Recently, I was reading an article written by Mitch Carmody, ( a fellow author here on the Open to Hope site) introducing his concept of “Proactive Grieving.” Mitch is a multi-talented man with a broad pallet of expressive and creative ways to facilitate healing and personal growth.
His piece addressed the attitudes and expectations men face when we become bereaved. We are expected to “Man Up” and be strong for the rest of the family. After all, big boys don’t cry right? Mitch has some great ideas on how to go forward from that concept but I was struck by the possibilities of preparing for grief BEFORE it happens.
What if I could go back in time and give my younger pre-scared self a few tools to cope with the pain and confusion to come? What if there were a way to stuff a little hard won wisdom into that guy I used to be? If only I could have grabbed that inexperienced know-it-all student and given him some idea of what life would be like in the wake of loss and emotional turmoil. Could I, at least, mount a big, red, glass fronted emergency box on the wall like the ones with fire axes and extinguishers in them?
I needed a short cut to the skills I lacked. I needed to be able to break the glass on that box and get my hands on something that could knock down the painful flames of loss or secure a life-line to climb out of that crazy broken nightmare I woke up in.
We, the bereaved, know that “What If” is a place that can get pretty dark and painful in a hurry, so instead of wishing for a changed past, perhaps we can work for a better tomorrow for others.
How can we take what we’ve learned on this painful journey of grief and reduce the bumps and bruises those behind us will have to incur? What tools can we give others as they pursue continued life and healing in their own walk forward? What would you put in that big red box for someone about to go through what we have endured?
I’ll share my list of what I wish had been in mine. I want to keep it simple, packing only the essential things I wish I had been given when I had my own personal crisis. You may want to build on my examples and make one of your own.
1) Emergency Contact List
If I had thought of it in advance, I could have made a fairly good guess about the people who would have been willing to step up and help. I would also include a list of organizations that are trustworthy and compatible with me and my closest friends and family. Today’s list would include The Open to Hope Foundation, The Compassionate Friends, Grief Inc., and my home church.
2) First Aid Manual
I needed to hear some TRUTH when I suffered my losses. Here are a few things I would list for anyone in crisis.
– Don’t be afraid to ask for help.
– Do allow others to be their better selves.
– Don’t buy into guilt.
– Do believe in your future.
– Don’t forget to keep breathing !
Permission to cry, now AND later. And more importantly, permission to smile again, laugh again, FEEL again. Grief often comes with guilt and confusion about what is appropriate and normal in our recovery. There IS NO NORMAL. There is only then vs. now and how we chose to move forward.
4) Essential supplies
– Facial Tissue ( or as our dear Darcie Sims used to suggest, Toilet paper! )
– hand sanitizer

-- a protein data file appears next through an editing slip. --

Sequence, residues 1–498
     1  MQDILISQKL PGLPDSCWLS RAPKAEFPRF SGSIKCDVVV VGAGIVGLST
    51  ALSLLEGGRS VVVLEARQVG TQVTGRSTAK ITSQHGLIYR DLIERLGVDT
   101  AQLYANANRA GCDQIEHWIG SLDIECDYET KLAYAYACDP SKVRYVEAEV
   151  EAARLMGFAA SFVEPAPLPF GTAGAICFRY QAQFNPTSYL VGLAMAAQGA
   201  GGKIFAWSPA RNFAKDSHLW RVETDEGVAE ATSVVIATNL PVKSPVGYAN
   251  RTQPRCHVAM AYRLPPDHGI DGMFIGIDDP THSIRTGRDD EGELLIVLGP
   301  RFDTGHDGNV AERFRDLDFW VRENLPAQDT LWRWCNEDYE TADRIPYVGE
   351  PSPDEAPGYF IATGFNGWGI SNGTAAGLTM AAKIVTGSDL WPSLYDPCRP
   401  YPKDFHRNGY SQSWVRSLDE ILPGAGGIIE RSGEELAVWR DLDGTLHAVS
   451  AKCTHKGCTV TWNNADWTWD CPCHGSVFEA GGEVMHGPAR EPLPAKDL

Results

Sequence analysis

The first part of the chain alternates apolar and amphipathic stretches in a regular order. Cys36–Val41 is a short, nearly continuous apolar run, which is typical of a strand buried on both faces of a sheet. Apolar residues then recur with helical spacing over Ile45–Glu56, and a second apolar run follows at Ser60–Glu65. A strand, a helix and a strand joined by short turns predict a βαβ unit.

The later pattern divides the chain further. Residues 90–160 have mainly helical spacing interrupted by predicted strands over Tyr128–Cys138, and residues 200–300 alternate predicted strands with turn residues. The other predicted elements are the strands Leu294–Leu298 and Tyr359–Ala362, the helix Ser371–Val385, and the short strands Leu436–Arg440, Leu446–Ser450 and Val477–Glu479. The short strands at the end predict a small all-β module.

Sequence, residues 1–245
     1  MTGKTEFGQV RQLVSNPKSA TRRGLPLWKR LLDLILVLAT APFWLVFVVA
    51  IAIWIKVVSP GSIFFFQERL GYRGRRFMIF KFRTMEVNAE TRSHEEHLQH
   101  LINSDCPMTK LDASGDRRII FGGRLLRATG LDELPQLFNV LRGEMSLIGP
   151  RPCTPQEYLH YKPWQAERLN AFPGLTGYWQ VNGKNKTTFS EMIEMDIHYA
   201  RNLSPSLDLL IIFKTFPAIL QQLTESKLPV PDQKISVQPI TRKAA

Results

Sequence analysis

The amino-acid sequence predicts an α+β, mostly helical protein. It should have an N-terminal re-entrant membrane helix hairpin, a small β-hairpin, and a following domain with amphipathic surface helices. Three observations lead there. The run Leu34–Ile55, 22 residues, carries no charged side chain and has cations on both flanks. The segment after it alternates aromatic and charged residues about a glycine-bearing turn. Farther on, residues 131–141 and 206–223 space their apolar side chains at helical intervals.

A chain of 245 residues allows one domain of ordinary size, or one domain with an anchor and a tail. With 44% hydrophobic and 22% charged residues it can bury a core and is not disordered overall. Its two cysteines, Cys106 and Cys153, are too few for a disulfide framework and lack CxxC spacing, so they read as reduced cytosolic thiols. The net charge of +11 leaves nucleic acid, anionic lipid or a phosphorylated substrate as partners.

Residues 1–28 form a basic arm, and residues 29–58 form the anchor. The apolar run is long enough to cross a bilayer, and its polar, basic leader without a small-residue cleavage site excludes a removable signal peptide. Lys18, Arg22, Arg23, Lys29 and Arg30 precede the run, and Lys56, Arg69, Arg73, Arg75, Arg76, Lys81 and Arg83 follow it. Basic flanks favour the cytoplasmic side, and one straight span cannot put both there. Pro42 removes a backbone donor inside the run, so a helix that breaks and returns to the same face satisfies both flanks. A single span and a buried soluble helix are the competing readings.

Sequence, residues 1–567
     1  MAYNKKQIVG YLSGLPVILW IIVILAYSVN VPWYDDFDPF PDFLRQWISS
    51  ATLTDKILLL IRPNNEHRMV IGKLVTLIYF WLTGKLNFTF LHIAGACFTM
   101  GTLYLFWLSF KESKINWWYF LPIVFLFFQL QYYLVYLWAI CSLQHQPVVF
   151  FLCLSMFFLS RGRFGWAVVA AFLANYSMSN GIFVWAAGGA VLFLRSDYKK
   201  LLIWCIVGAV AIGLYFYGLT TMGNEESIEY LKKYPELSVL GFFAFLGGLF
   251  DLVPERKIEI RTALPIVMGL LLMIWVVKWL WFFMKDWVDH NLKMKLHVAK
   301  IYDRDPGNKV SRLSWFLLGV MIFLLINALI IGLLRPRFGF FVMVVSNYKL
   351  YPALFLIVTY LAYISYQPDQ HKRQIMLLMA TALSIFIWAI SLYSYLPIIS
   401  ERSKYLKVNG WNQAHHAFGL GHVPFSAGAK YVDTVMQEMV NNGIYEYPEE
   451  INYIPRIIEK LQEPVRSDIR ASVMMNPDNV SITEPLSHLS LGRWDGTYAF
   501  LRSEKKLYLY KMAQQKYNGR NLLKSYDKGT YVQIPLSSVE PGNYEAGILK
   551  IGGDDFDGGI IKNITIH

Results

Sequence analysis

– Trash bags
The tears do not come just once, nor does the weeping fall at the best times in the best places, and you may not be the only one crying.
Ok, I don’t know how to put those in a box, but the comfort of open arms is not to be discounted. If any of you know how to bottle or bag them, please let me know. It would be especially nice if our favorite flavors could be refrigerated, and thawed out for later use.
That amazing spark that can light your way is hope. That compass pointing to something better is hope. The dream of reunion is hope. The chance to honor and celebrate the one you are missing is hope.
Hold it close to your heart but give it away every chance you get. There is nothing more wonderful than seeing it take root and grow. A reoccurring lesson found all over these pages is the fact that whatever hope you give away tends to come back and fill your own sails as well.
7) Comfort Food
I think if my Emergency box were refrigerated, I’d put an assortment of chocolate in. Perhaps we should remember to stock up on gift certificates. Don’t underestimate the power of food and the sharing of a meal with understanding friends. I think grief is perhaps the best excuse for cheating on the diet temporarily. You need to survive first, then you can worry about bathing suit weather.
Has my list given you any ideas? Can you picture yourself putting together an Emergency Box like this? Do you wish someone had built a survival kit for you before you started your journey through grief?
Whatever you find healthy comfort in, add it to your list. Feel free to include warnings and advice you wish you had gotten ahead of time. Make sure all the text is in a tone that does not judge or scold. Now think about how you will pass this kit along. It’s not likely to be a box mounted in the stairwell but maybe it will be an e-mail to your nephew or an open letter to your best friends.
If you have the chance to help someone in their struggle with grief, offer it. Each time we do, we find the gift returned. Somehow, somewhere, the hope we give always seems to refill and deepen the well we draw it from.
My thanks to Mitch for inspiring the idea for this. You can find him here among the authors for Open to Hope, and view some of his art and other projects at: Mitch Carmody’s Heartlight Studio